Daily Northwestern: A former detective with the Evanston Police has been accused of joining the U.S. Drug Enforcement Administration so he could protect a Puerto Rico-based drug organization responsible for numerous killings and other violence. Gomez resigned from EPD to begin a career with the DEA, Glew said. EPD is directing further comment to the U.S. Attorney’s office, he added.
Gomez was charged with racketeering conspiracy for alleged affiliation with the Organización de Narcotraficantes Unidos — which translates to the United Organization of Drug Traffickers — for over a decade. The organization is a group of drug traffickers based in Puerto Rico who are responsible for importing cocaine into New York and elsewhere.
Geoffrey Berman, the U.S. attorney for the Southern District of New York, where the charges were filed, said in a written statement on Dec. 11 that Gomez “obtained firearms from drug dealers, transported those firearms to Puerto Rico, and provided those firearms” to Jose Martinez-Diaz — a member of La ONU who is also being charged in the indictment.
Gomez “then joined the DEA so that he could help members of the narcotics conspiracy, including Martinez-Diaz, evade prosecution by law enforcement,” the statement reads.
CNN: Small town police chief (now retired) charged by the feds. His employees were secretly recording his racial statements before the incident as well as after. These recordings along with other evidence were used by the FBI to charge the chief. Lt Dan
Elizabeth is a small department and this case demonstrates the need to have internal controls for property and evidence. In smaller departments this can be a challenge but internal controls must be put in place to mitigate the risk of this type of incident occurring. Lt. Dan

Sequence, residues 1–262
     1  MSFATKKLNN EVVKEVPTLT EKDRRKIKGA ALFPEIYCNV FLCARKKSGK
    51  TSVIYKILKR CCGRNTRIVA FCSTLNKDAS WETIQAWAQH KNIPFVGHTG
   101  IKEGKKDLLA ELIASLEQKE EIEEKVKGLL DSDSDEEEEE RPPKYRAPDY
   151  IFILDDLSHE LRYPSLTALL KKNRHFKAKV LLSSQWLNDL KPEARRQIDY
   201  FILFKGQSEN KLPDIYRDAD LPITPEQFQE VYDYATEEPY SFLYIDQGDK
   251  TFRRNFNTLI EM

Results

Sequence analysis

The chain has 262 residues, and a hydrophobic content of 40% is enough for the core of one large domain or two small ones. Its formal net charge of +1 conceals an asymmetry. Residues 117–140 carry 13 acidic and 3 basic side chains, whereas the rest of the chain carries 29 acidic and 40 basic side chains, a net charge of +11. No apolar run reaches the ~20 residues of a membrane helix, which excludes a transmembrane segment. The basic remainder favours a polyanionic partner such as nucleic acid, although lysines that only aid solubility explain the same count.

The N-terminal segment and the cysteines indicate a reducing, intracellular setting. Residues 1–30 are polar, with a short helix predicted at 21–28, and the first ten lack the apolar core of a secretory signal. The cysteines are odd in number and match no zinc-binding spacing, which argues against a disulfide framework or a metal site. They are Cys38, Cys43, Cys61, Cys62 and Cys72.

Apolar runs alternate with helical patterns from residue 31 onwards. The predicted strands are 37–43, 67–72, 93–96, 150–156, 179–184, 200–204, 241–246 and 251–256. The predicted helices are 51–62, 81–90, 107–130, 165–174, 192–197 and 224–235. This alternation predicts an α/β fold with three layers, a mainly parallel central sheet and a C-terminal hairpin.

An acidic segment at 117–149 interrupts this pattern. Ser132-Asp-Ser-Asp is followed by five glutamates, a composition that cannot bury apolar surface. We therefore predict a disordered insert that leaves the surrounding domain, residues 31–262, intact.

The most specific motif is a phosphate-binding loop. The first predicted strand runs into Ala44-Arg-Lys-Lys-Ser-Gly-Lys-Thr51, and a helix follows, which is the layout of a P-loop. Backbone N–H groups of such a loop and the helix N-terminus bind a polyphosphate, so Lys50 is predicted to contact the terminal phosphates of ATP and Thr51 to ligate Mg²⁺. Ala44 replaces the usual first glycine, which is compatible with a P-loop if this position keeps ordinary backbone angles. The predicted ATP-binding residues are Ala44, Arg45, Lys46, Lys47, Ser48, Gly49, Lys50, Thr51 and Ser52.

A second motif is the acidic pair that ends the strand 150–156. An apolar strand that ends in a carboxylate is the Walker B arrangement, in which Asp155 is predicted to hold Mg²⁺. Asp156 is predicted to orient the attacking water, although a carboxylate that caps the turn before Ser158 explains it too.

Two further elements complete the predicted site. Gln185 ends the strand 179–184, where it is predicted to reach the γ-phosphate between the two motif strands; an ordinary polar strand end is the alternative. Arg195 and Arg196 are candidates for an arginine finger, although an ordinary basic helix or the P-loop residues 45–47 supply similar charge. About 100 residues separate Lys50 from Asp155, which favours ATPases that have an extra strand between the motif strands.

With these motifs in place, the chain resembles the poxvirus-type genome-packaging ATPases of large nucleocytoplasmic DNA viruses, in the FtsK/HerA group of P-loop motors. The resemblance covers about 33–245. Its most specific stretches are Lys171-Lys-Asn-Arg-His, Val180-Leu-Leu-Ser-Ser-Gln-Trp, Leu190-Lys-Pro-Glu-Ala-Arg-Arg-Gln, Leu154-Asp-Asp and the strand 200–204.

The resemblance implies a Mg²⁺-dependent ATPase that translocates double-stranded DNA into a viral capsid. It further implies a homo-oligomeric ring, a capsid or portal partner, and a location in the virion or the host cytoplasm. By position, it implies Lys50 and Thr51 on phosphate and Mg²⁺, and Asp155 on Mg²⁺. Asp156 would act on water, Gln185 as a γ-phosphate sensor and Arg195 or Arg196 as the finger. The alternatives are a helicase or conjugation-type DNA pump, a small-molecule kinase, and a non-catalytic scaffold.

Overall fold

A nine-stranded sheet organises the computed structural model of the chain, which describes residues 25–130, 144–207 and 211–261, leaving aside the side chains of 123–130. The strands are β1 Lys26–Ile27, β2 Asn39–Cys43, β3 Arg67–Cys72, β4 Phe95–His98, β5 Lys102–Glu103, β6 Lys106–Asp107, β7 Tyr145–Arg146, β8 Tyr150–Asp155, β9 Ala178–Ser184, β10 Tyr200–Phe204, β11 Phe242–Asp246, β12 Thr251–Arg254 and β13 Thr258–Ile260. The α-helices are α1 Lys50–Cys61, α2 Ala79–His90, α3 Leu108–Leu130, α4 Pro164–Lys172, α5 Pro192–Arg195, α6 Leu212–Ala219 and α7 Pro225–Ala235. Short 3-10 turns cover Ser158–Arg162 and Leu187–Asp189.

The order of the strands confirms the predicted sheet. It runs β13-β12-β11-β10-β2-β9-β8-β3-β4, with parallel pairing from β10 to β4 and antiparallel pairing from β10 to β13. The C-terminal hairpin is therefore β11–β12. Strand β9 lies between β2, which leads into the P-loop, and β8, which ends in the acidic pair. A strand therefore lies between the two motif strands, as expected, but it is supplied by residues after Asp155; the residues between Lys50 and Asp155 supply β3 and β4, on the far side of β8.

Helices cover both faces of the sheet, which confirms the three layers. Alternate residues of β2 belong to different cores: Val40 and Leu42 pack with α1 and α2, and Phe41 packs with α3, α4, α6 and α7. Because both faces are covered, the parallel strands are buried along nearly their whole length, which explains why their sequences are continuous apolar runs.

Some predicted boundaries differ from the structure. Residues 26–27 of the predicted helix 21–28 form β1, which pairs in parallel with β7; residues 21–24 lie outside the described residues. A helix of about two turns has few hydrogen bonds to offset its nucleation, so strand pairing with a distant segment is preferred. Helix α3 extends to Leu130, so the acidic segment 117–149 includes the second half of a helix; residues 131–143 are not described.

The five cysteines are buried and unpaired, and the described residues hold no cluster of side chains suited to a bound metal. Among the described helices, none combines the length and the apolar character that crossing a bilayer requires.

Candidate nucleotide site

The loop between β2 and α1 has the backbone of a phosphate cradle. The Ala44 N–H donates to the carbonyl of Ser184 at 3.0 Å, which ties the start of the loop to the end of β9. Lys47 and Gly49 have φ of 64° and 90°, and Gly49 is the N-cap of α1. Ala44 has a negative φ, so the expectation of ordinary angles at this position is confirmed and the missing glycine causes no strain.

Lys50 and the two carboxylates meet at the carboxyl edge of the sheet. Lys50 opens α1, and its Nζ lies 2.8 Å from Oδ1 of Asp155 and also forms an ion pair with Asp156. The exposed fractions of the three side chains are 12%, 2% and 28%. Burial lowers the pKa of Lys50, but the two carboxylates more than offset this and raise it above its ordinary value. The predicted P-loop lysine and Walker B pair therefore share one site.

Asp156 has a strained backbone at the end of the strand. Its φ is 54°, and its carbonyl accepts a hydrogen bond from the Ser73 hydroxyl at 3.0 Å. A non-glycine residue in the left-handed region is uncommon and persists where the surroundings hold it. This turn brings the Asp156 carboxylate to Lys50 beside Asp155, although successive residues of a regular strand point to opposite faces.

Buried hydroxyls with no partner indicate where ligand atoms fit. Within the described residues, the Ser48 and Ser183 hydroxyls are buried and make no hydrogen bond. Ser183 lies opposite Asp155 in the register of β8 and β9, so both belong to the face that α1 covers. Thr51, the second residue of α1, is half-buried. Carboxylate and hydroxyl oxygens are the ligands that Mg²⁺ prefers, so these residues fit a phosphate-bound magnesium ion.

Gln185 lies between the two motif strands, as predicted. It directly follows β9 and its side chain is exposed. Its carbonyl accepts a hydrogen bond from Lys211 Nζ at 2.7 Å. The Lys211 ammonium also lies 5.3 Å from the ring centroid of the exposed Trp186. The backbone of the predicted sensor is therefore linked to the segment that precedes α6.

The Morning Call: Officers searched (Elizabeth Police Chief) Butler’s office. In his trash can were approximately 2,700 loose stamp bags and 62 bundles, which each contain 10 bags, according to the complaint. All were empty.
In and around Butler’s desk, investigators found 535 loose stamp bags — all empty. An evidence envelope labeled as containing “approx. 2,531 bags of heroin” was found empty, according to the complaint.
More evidence was missing from the evidence room.
One evidence envelope supposed to contain 1,000 stamp bags actually held 900 empty bags. Another empty envelope was supposed to contain 146 bags and had 134 empty bags inside. Another envelope held 554 empty stamp bags instead of the 627 full bags it was supposed to contain.
Butler, according to the complaint, also was in charge of collecting and depositing parking meter money. In previous years, the total had been between $4,000 and $6,000. No deposit was made in 2017.
It will be interesting to see how this case turns out, based on privacy issues. Lt. Dan
KWTX: Dusterhoft has said sex with the woman was consensual and his attorney, Jason Nassour, says Manley is inserting himself into Dusterhoft's private life. Nassour says his client will appeal the firing.
Agencies that have DROP take note, abuse of the system as outlined below is troubling. AZ lost DROP a few years ago, not based on abuse, but mainly based on poor public perception regarding the program, based on some media coverage. The public questions a defined pension system and a DROP payout when few workers today qualify for a defined pension. Lt. Dan